We know that Mozart, Schubert, and Mendelssohn all died way too young. Mozart at thirty-five, Schubert at thirty-one, Mendelssohn at thirty-eight. But all three left us many masterpieces, and luckily we can concentrate on what was, rather than on what might have been.
The Belgian composer Guillaume Lekeu—L-E-K-E-U—was just twenty-two when he wrote a violin sonata for his countryman Eugène Ysaÿe, and that sonata became a favorite of many of the 20th century’s greatest violinists. Lekeu composed a number of other chamber works, most when he was a teenager, and he left behind two movements of a spectacularly beautiful piano quartet. The third movement, he never lived to write. Born on January 20th, in 1870, Guillaume Lekeu died on January twenty-first, 1894, one day after his 24th birthday. And we’ll always have to wonder what might have been.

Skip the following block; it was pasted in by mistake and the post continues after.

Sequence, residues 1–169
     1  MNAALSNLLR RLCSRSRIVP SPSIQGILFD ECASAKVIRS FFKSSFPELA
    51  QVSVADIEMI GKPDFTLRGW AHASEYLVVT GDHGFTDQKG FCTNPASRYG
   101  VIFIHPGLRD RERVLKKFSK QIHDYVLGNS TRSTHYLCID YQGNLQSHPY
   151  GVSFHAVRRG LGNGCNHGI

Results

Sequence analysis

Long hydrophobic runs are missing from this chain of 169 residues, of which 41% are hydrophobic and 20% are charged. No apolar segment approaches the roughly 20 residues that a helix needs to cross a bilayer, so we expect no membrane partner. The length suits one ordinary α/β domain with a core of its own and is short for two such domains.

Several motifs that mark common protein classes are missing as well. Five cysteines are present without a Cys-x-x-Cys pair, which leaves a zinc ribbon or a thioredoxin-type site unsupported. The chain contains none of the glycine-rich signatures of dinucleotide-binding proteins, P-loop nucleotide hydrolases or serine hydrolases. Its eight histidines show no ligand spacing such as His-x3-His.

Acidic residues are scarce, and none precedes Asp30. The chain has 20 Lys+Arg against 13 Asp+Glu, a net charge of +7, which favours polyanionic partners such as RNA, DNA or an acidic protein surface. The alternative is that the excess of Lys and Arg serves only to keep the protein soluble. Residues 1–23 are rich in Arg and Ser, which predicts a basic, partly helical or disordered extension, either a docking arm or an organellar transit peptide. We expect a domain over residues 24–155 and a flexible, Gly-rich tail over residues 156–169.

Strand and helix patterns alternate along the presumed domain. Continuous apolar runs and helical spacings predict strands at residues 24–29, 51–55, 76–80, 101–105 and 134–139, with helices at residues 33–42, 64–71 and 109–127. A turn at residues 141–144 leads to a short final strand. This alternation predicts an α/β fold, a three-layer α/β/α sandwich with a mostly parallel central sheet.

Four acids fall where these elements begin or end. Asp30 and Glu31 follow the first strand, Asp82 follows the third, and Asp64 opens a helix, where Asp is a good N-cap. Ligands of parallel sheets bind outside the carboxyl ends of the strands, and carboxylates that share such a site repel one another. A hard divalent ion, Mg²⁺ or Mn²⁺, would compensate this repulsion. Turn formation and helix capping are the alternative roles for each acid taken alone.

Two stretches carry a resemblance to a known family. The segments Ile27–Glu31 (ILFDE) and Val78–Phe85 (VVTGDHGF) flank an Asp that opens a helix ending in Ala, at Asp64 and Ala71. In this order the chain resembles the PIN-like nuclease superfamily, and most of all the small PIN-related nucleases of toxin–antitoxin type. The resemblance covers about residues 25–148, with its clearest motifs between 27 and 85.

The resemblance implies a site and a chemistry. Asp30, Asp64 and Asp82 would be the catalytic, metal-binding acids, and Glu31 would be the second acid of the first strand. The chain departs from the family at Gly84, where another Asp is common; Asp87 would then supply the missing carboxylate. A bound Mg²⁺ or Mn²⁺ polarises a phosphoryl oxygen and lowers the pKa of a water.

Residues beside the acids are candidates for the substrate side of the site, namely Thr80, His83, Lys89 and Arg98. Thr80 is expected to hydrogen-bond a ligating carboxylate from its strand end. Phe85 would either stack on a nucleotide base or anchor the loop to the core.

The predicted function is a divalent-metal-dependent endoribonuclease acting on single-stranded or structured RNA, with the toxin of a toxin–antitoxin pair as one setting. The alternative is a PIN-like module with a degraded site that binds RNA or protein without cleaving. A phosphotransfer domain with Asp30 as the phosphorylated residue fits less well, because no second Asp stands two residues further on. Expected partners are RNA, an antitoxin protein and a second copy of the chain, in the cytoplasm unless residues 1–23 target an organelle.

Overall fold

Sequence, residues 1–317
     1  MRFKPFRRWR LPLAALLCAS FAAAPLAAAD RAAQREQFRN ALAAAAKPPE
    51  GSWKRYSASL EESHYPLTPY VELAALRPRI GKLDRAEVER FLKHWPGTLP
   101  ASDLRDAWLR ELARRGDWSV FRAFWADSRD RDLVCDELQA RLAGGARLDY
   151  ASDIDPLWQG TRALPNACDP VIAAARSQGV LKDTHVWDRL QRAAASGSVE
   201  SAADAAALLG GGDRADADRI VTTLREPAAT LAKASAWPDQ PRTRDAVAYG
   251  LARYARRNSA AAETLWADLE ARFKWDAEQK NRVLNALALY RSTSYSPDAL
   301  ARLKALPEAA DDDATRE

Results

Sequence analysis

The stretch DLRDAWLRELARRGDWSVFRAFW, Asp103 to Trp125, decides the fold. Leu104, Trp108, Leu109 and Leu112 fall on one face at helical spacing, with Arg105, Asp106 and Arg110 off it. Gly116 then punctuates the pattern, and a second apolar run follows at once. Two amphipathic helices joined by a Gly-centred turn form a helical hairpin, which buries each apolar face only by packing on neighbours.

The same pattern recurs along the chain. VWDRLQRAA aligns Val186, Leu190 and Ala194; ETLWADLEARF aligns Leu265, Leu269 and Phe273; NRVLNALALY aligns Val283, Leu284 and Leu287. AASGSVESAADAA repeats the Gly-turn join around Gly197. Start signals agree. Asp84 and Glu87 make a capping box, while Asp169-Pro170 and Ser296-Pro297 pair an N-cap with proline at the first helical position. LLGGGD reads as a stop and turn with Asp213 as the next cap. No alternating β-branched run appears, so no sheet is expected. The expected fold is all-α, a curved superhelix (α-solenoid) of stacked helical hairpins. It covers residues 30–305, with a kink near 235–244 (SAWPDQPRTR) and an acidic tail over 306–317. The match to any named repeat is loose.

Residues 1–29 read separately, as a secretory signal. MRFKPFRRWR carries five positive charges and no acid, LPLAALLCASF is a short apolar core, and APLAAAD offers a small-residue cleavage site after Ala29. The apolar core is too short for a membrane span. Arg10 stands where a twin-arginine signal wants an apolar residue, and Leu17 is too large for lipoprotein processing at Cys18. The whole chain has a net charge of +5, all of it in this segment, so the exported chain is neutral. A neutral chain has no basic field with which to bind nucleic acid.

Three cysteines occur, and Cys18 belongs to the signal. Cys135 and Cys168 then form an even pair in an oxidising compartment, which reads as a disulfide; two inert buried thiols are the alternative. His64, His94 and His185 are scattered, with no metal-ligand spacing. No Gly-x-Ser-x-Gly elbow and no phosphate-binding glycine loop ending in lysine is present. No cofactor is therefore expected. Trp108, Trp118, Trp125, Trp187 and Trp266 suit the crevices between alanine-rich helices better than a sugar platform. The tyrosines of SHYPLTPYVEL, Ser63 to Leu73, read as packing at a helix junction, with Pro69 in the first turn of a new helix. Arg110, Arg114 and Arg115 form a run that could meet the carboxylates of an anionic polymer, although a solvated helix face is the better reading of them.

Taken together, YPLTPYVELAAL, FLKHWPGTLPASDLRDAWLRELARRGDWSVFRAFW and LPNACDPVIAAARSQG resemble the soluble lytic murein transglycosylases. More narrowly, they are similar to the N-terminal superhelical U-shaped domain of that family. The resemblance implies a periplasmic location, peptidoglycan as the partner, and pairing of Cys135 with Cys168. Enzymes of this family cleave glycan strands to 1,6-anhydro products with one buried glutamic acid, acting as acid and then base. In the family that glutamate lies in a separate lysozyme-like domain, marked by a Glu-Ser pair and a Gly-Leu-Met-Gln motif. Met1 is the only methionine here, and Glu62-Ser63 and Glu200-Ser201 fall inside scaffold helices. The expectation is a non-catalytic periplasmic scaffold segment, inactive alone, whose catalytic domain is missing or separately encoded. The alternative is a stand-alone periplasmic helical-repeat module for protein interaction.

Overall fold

This has been A Minute with Miles – a production of South Carolina Public Radio, made possible by the J.M. Smith Corporation.